But chunking doesn't work well when there is ambiguity or where the parts can not yet be brought into a single piece. You can take "the car", then "the car" and "in" and "the driveway", then "the car in the driveway" and "of the house", and so on, until the structure of the first memory object becomes too long to recite internally.

With the second phrase, you have "the mouse" and "the cat" and "the dog" and you're adding a fourth object and it's yet another noun so the English language doesn't let /any/ of these things clearly chunk together. There are some center-embedded sentences that chunk more readily, and some languages that allow more same-part-of-speech chunking, but there's an upper limit to what you can do with human neurology.

((This is somewhat related to the preference for front-loaded active voice in writing and speaking technique.))

Everyone can remember a phone number because it's three numbers, where they might have problems remembering ten separate digits

This is slightly irrelevant, but for some reason I can’t figure out at all, pretty much all phone numbers I learned (and, incidentally, the first thirty or so decimals of π) I learned digit-by-digit rather than in groups. The only exception was when I moved to France, I learned my french number by-separate-digits (i.e., five-eight instead of fifty-eight) in my native language but grouped in tens (i.e., by pairs) in French. This isn’t a characteristic of my native language, either, nobody even in my family does this.

[-][anonymous]9y 0

I once had memorized the periodic table to 54 places (Xenon) by name, as a sequence with a few numeral fixed points. This helped me in High-school chemistry. Lost some chunks of the higher parts, but I have intuits about most anything in the periodic table. Some of this is visual memory.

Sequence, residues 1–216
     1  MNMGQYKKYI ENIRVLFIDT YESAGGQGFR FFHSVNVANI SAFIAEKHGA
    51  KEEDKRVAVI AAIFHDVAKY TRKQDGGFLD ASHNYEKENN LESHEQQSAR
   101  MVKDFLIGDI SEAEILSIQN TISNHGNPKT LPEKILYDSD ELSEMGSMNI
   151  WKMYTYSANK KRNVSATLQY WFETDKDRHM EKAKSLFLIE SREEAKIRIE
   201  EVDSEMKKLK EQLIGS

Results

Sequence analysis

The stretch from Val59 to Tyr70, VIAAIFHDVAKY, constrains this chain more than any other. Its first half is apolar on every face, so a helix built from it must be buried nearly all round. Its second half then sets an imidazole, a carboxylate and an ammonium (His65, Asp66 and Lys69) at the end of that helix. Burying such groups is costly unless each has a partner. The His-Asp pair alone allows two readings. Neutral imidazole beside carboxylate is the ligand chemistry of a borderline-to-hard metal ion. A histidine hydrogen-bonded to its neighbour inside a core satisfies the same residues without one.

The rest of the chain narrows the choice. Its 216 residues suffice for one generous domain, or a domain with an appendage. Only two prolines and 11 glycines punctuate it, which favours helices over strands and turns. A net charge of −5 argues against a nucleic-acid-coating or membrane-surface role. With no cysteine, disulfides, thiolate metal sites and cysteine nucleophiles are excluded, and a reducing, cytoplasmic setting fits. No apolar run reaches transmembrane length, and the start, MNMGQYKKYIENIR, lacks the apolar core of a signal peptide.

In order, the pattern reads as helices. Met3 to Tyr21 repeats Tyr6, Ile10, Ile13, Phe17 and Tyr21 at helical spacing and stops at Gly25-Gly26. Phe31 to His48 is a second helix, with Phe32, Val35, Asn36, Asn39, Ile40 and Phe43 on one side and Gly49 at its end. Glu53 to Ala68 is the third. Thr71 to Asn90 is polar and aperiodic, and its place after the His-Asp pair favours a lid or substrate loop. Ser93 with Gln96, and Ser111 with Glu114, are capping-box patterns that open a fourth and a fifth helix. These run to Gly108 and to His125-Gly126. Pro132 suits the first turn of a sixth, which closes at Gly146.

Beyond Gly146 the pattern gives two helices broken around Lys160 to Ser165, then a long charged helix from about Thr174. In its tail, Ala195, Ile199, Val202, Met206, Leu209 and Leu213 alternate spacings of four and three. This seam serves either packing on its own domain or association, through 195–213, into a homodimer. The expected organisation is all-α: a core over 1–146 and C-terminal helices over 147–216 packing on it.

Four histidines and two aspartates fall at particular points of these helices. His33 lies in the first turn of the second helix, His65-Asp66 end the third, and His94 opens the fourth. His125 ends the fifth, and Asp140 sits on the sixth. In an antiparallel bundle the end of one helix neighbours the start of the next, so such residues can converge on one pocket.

I memorized that as a verbal thing initially, kinda like the alphabet song (which I know a large number of people still sing internally when they need to sort stuff lexicographically). But even the alphabet I have with sucess moved partially to visual memory.

IMO, visual memory is an underused resource to audiotorial thinkers (like myself) and probably vice versa.

By some random Googling I found: E. Gibson, Linguistic complexity: Locality of syntactic dependencies, which proposes a model about how much working memory is needed to parse various kinds of syntactic structures, and claims to explain why center-embedding is hard.

It seems to be very popular (1315 citations in Google Scholar), I bet if you look at citing and related papers youl can find lots of discussion.

The term for the second kind of embedding is center embedding, by the way. It's got nothing to do with whether prepositional phrases or tensed phrases are involved; the issue is whether the embedding occurs at the edge of the phrase or, as the name suggests, in the center. Unfortunately, I'm not familiar with the literature on that, so I can't tell you what explanations have been proposed for why it's harder to process. But this is the term you'll need to Google for.

Maybe it's just that people don't expect the second structure or aren't used to it? I predict that exposing someone to 2. sufficiently will end the confusion.

That's all. Surely, (...) the normal explanation is always worth considering?"

Interesting. I wonder, are there natural languages - or communities - where the second structure is commonly used? If not, that may be evidence favoring a natural inclination towards (or ability to use) the first structure

I wonder, are there natural languages - or communities - where the second structure is commonly used?

This is how German language seems to me, but I don't speak German well, so if I am correct, could someone please provide an example of a similarly structured sentence, with a word-for-word translation to English?